The most basic "bare-bone" model with the Ryzen 7 4800H, 8 GB of memory, no storage device and RTX 1650 TI is currently selling for around 1100 € in Europe (Depending on your countries VAT). The MSI Bravo 15 or the Asus TUF 15 are roughly in the same price region, depending on the country they are around 10-20% more expensive.
XMG advertises the XMG 15 as "undercover gaming" and this is mostly true for the case. It's not looking like a typical gaming notebook, like the ASUS TUF 15. The compact case has a decent and modest design and the base is mostly metal, except the display lid, which is composed of plastic. On the back of the display is the decent enough XMG logo. You can also order the notebook without it for a fee or just put a skin on it (dbrand is offering skins for the Eluktronics RP-15, which is mostly the same notebook).
The bezels on the top, left and right of the display are tiny, while the bezel on the bottom is quite large as it contains the webcam and "fills" the space a 16:9 display is missing. Hopefully 16 by 10 or even 3 by 2 displays are getting more common also in gaming notebooks market.
With 1.9 kg the XMG Core is still lightweight for a 15 inch gaming notebook. The chassis rigidity of the metal base is quite good, not much flex and it's sturdy enough even when you apply pressure. In contrast the plastic lid is way more flexible and not quite as study. You can open the lid with one hand, as most of the weight is in the base unit.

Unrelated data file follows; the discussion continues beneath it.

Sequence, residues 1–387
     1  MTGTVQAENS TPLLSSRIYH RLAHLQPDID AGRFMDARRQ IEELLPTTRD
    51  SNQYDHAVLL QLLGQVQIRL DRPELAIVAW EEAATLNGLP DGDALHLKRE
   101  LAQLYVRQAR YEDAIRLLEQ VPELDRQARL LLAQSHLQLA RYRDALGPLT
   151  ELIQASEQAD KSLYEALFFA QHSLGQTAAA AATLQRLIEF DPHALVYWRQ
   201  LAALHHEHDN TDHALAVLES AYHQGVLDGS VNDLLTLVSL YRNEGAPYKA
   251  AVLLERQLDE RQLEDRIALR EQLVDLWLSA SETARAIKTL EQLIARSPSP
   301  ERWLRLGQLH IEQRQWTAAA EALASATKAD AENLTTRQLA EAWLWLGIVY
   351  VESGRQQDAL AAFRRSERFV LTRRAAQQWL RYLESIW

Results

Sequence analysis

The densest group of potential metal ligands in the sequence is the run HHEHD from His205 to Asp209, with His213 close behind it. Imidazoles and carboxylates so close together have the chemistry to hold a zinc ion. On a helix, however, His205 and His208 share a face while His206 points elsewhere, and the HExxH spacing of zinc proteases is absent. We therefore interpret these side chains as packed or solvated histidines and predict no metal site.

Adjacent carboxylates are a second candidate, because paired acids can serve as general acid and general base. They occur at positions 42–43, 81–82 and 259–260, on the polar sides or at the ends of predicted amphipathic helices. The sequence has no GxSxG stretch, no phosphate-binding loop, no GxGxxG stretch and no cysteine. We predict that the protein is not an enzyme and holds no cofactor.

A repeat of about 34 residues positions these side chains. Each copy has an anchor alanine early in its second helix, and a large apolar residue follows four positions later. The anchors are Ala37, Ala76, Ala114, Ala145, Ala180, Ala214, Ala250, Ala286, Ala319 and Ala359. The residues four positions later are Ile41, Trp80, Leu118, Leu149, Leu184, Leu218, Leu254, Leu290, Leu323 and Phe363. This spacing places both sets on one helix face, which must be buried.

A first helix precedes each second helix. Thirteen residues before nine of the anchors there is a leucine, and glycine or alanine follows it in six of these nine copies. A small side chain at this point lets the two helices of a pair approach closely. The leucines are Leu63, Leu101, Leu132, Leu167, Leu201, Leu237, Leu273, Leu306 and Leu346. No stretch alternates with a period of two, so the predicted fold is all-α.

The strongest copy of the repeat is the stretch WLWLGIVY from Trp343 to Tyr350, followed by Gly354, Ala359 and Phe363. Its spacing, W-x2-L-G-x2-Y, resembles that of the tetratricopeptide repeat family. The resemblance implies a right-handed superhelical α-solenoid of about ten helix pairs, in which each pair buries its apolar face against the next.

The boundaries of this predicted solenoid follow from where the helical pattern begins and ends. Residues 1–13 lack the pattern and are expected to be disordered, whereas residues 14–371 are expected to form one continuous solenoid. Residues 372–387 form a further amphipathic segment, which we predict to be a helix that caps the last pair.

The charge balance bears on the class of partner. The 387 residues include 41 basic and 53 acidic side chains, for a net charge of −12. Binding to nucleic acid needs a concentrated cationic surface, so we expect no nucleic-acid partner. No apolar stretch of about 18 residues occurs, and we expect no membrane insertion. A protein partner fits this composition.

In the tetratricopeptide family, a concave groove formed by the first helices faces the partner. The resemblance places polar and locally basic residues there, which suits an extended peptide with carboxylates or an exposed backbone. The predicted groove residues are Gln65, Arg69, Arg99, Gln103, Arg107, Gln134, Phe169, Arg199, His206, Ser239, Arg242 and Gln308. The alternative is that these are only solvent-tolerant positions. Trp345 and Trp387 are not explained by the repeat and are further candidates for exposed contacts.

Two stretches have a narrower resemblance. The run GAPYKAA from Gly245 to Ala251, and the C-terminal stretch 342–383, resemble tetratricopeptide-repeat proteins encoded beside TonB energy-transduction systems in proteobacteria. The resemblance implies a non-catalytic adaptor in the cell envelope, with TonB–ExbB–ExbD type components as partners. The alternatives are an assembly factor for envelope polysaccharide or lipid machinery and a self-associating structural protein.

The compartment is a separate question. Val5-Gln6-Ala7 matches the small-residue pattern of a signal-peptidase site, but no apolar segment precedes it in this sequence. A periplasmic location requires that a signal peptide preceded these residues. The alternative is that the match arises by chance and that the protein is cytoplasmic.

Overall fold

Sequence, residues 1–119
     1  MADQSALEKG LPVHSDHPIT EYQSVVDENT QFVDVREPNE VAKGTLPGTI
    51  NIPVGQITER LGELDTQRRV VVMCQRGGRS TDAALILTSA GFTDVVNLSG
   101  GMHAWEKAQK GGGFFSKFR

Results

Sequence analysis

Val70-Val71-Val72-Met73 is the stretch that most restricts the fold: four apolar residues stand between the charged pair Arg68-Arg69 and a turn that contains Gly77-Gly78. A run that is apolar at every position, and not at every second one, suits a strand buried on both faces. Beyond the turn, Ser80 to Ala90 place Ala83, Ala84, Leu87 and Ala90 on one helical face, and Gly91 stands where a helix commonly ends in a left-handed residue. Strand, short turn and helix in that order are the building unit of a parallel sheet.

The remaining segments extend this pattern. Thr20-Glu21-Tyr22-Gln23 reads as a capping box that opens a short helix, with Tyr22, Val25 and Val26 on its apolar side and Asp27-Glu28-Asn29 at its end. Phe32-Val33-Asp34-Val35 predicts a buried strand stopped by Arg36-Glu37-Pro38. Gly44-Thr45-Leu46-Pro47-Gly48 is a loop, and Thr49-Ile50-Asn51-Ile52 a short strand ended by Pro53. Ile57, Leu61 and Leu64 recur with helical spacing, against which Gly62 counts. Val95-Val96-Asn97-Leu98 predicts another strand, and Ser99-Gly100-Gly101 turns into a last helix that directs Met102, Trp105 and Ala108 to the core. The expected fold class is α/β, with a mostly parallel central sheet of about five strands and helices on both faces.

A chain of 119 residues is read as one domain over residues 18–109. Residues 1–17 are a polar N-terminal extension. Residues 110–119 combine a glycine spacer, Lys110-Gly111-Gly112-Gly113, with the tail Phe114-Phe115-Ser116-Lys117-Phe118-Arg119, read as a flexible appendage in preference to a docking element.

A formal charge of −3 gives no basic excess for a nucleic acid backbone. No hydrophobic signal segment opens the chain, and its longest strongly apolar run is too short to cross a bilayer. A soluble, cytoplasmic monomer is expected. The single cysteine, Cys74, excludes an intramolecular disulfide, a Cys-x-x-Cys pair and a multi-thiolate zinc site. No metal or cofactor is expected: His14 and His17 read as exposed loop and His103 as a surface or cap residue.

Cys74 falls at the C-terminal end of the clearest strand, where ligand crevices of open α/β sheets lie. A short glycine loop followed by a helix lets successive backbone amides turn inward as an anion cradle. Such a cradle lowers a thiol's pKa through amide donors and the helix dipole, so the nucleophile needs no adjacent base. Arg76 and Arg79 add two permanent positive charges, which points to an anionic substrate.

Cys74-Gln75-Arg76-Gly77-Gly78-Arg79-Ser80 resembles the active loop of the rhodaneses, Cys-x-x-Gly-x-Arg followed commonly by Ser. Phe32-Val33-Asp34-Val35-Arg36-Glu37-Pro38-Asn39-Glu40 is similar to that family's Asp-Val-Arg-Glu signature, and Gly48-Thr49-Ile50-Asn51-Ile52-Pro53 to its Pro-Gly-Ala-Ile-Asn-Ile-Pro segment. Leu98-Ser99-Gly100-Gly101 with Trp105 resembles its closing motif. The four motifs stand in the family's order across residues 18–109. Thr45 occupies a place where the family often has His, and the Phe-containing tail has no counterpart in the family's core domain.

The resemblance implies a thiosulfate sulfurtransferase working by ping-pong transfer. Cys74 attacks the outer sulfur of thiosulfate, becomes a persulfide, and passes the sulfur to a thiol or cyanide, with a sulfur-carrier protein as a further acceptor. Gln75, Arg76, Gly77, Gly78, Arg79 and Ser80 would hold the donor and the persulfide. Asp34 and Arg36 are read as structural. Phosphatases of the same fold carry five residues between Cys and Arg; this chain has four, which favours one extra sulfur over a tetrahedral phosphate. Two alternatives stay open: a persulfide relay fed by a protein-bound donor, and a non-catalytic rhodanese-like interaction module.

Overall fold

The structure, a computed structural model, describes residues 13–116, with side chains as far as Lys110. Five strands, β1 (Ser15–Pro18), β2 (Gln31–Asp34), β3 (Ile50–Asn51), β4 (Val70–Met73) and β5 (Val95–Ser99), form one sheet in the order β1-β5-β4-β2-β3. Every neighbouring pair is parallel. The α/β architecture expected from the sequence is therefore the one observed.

This is where the XMG Core 15 really shines compared to the AMD competition. One thing I really endorse is that the XMG Core 15 comes with ports also on the rear side, which makes cable management way more pleasant and offers more room for a lot of external devices.
On the left it has an Kensington Lock, an collapsible Gigabit RJ-45 (Realtek Controller), an USB 2.0 slot (why?), and a dedicated microphone and headphone jack (3.5 mm). On the back we have two Mini-DisplayPort outputs (newest version 1.4), one HDMI (2.0b), one USB-C (USB 3.2 - 2nd gen, no displayout) and the AC adapter in. The right side contains an SD-Card reader and two USB 3.1 (1st gen) slots.